Colchicine Prevents Post-pericardiotomy Syndrome

Abstract & Commentary

By Andrew J. Boyle, MBBS, PhD

Source: Imazio M et al. Colchicine for the Prevention of the Post-pericardiotomy Syndrome (COPPS): A multicentre, randomized, double-blind, placebo-controlled trial. Eur Heart J. 2010;31:2749-2754.

Post-pericardiotomy syndrome (PPS) is relatively common after cardiac surgery, and can result in life-threatening events, such as cardiac tamponade, increased length of stay, readmission to hospital, and significant patient discomfort. There is currently no accepted strategy to prevent its occurrence. Colchicine has been demonstrated to effectively treat acute pericarditis, but its role in the prevention of PPS had not been fully elucidated. Imazio and colleagues, therefore, performed a multi-center, randomized, double-blind, placebo-controlled trial to test whether colchicine could prevent PPS.

The authors enrolled 360 consecutive adult patients who had undergone cardiac surgery and randomized them to receive either colchicine 1 mg twice daily for the first day followed by a maintenance dose of 0.5 mg twice daily in patients ≥ 70kg and 0.25 mg twice daily in those < 70kg (n = 180) vs. placebo (n = 180) starting on the third post-operative day. Exclusion criteria included patients with known liver or kidney disease, myopathy, blood dyscrasias, gastrointestinal disease, pregnancy, or lactation. PPS was diagnosed when two or more of the following five criteria were present: pleuritic chest pain, fever beyond the first post-operative week in the absence of infection, friction rub, pleural effusion, or a new or worsening pericardial effusion. The primary endpoint was the incidence of PPS at 12 months. Secondary endpoint was the combination of disease-related hospitalization, cardiac tamponade, constrictive pericarditis, and recurrent pericarditis.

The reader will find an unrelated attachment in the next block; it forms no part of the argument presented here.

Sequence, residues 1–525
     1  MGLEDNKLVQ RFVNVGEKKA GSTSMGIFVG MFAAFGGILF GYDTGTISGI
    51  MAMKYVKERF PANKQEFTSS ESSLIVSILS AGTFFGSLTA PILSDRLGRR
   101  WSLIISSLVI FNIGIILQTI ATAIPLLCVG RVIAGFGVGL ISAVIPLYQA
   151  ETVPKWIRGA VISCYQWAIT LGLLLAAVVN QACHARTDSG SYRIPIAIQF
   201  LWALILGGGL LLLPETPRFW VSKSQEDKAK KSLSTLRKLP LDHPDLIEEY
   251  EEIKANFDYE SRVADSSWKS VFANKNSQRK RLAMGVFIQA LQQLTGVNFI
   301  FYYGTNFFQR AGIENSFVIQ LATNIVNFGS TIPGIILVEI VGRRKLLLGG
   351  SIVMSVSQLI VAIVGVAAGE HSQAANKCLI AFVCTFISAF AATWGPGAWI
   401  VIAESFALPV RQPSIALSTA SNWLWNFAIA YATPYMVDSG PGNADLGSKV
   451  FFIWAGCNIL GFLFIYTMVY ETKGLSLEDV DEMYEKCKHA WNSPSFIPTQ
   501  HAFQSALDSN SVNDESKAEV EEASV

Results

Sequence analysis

Results: Baseline demographics were well-matched between the placebo and colchicine groups, with mean age 66 years and two-thirds of patients being male. Surgeries performed also were similar between groups, with the majority being coronary-artery bypass graft surgery and/or valvular surgery. Colchicine significantly reduced the incidence of post-pericardiotomy syndrome at 12 months (8.9% vs. 21.1%, respectively; p = 0.002). The majority (85%) of PPS events occurred in the first 30 days. Colchicine reduced the incidence of the combined secondary endpoint (0.6% vs. 5.0%; p = 0.024). The rates of side effects (8.9% vs. 5.0%; p = 0.21) and drug withdrawal (11.7% vs. 6.7%; p = 0.145) were similar with colchicine and placebo, respectively, although there was a numerical trend toward more side effects with colchicine. There were five fewer hospitalizations in the colchicine group. The authors conclude that colchicine is safe and efficacious in the prevention of the PPS and its related complications, and may halve the risk of developing the syndrome following cardiac surgery.


In patients assigned to placebo, there was a 21.1% rate of PPS, and the most common presenting symptoms were pleural effusion, pericardial effusion, and chest pain. This may lead to significant patient morbidity. The reduction in the incidence of PPS with colchicine has the potential to improve the patients' experience following cardiac surgery, although there was no quality-of-life data reported. Colchicine is a cheap and relatively safe drug that has the potential to realize not only symptomatic benefits, but also significant cost savings by preventing readmissions; however, we are not presented with any cost-effectiveness analysis. In addition, we are not told how long the colchicine was continued, on average, in this study. Because 85% of the cases occurred in the first month, it would seem reasonable that a one-month course of colchicine following cardiac surgery may reduce the incidence of PPS and improve patients' experience.